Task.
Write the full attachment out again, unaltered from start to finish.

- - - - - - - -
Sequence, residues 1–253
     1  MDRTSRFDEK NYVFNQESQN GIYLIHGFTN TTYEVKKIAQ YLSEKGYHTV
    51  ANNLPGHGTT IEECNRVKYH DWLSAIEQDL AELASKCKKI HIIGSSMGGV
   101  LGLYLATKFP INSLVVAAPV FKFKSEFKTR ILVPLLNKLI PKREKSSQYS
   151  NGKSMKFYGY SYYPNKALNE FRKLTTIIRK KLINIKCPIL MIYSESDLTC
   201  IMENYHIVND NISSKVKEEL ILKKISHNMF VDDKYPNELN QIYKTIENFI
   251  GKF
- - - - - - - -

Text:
Sequence, residues 1–253
     1  MDRTSRFDEK NYVFNQESQN GIYLIHGFTN TTYEVKKIAQ YLSEKGYHTV
    51  ANNLPGHGTT IEECNRVKYH DWLSAIEQDL AELASKCKKI HIIGSSMGGV
   101  LGLYLATKFP INSLVVAAPV FKFKSEFKTR ILVPLLNKLI PKREKSSQYS
   151  NGKSMKFYGY SYYPNKALNE FRKLTTIIRK KLINIKCPIL MIYSESDLTC
   201  IMENYHIVND NISSKVKEEL ILKKISHNMF VDDKYPNELN QIYKTIENFI
   251  GKF